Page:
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New digital tax hits Apple App Store in SA

09 June 2014   (0 Comments)
Posted by: Author: Jan Vermeulen
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Author: Jan Vermeulen (Mybroadband)

Prices in the South African iTunes App Store will soon reflect 14% value added tax, according to a report on 9to5Mac.

Apple has informed app developers of a change to pricing in the App Store for South Africa to account for the 14% value added tax (VAT) now being charged on digital goods. 

This is according to a report on 9to5Mac, which embedded a screenshot of the e-mailed notice (shown below) in its article.

Prices on the South African App Store will change to reflect the new tax requirements within the next 24 hours, according to the report.

VAT on digital goods sold in South Africa came into effect on Sunday, 1 June 2014 as per regulations published in the Government Gazette by former Minister of Finance Pravin Gordhan on Friday, 28 March 2014.

The publication of the regulations followed a period of public comment on draft digital tax regulations which originally intended for the VAT on digital goods to kick in on 1 April.

App Store prices in South Africa were increased as recently as 1 April 2014 to account for the weak Rand, along with retail price adjustments for Australia, India, Indonesia, Turkey, Israel, and New Zealand.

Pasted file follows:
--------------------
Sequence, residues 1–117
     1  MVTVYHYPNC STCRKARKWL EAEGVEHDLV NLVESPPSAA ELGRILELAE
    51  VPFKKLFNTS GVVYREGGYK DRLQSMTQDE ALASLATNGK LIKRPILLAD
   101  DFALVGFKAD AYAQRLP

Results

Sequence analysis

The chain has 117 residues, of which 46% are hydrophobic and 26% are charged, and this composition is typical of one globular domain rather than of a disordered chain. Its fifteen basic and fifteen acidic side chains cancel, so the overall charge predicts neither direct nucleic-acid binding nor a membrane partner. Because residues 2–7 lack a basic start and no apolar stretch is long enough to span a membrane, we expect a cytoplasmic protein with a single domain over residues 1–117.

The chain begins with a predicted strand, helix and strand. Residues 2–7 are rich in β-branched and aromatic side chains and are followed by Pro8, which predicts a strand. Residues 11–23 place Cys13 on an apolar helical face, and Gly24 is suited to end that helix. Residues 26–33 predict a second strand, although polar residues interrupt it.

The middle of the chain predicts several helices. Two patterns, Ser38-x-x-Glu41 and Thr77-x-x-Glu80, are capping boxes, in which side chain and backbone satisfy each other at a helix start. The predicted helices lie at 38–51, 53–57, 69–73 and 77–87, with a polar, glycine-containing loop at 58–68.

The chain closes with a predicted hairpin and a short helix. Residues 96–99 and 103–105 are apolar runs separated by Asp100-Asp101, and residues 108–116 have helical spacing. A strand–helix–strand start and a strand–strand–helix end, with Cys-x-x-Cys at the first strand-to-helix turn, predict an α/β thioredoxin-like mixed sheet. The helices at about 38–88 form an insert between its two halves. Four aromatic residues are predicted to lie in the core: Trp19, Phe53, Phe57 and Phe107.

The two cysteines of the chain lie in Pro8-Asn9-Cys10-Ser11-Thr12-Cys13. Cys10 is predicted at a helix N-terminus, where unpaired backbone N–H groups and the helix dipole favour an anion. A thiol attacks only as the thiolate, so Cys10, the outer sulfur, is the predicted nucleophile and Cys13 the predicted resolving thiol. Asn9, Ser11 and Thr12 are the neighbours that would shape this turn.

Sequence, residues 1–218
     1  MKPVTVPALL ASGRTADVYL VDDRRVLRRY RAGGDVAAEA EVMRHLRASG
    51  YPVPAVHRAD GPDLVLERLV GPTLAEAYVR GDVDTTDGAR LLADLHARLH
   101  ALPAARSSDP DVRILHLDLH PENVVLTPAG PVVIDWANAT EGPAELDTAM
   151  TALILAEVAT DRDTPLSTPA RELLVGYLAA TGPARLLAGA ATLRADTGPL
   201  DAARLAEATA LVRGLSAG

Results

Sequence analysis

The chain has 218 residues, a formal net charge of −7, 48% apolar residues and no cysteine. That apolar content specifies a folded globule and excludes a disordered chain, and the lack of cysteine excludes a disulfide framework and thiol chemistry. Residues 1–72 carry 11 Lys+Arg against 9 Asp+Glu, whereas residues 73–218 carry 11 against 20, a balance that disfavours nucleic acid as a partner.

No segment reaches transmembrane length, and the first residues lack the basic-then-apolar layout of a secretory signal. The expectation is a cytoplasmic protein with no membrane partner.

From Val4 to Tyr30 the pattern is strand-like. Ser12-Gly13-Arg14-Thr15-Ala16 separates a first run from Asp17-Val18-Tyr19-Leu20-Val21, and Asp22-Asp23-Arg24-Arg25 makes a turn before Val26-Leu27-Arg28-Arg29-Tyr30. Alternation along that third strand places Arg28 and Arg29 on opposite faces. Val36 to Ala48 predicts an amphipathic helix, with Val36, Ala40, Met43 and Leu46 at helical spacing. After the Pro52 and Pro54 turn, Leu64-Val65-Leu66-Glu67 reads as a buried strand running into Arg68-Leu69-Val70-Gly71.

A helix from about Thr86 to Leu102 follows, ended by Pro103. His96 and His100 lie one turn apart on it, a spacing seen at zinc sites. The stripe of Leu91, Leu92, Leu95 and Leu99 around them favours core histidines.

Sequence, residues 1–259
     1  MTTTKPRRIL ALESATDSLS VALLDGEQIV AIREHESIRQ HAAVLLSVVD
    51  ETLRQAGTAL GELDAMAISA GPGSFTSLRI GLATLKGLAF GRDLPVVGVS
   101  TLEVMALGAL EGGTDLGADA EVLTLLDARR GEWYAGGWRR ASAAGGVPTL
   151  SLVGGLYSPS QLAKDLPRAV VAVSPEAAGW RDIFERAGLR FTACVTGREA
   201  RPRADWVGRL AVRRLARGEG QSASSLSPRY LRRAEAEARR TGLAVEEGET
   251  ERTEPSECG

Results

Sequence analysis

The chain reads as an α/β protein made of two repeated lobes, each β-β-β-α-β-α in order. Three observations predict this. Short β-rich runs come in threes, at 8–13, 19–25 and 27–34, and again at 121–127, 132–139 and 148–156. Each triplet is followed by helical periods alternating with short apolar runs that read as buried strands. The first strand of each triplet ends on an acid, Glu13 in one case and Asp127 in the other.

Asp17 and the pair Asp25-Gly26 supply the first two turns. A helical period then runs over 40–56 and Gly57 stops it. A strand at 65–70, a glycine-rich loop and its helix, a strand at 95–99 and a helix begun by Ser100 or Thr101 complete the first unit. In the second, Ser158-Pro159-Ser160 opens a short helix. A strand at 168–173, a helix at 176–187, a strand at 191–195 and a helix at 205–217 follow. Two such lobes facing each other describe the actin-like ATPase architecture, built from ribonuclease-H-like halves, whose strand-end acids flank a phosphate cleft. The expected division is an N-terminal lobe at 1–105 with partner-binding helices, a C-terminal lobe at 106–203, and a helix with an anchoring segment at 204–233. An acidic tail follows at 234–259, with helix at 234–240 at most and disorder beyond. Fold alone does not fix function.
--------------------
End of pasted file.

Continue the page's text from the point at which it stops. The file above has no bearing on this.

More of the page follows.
Pricing tiers for apps sold in Israeli New Shekels and New Zealand Dollar were decreased, while the other 5 currencies (including South Africa Rand) saw increases.

Developers decide on prices for their apps based on certain pre-set tiers, which means that developers whose apps are currently on pricing tier 2 or higher could still select a lower tier to reduce (or eliminate) the effects of the increase.

Queried about the adjustments at the time, a spokesperson for Apple said, "We made some minor pricing adjustments due to changes in foreign exchange rates and local tax laws.”

Pricing in other categories of the South African iTunes store such as music, films, and books did not increase on 1 April, but this time a price hike for the other stores could be on the cards.

According to 9to5Mac, it is likely that the addition of 14% VAT to prices in the South African App Store will spread to to the other web properties.

This article first appeared on


Section 240A of the Tax Administration Act, 2011 (as amended) requires that all tax practitioners register with a recognized controlling body before 1 July 2013. It is a criminal offense to not register with both a recognized controlling body and SARS.


The Act requires that a minimum academic and practical requirments be set to register with a controlling body. Click here for the minimum requirements of SAIT.

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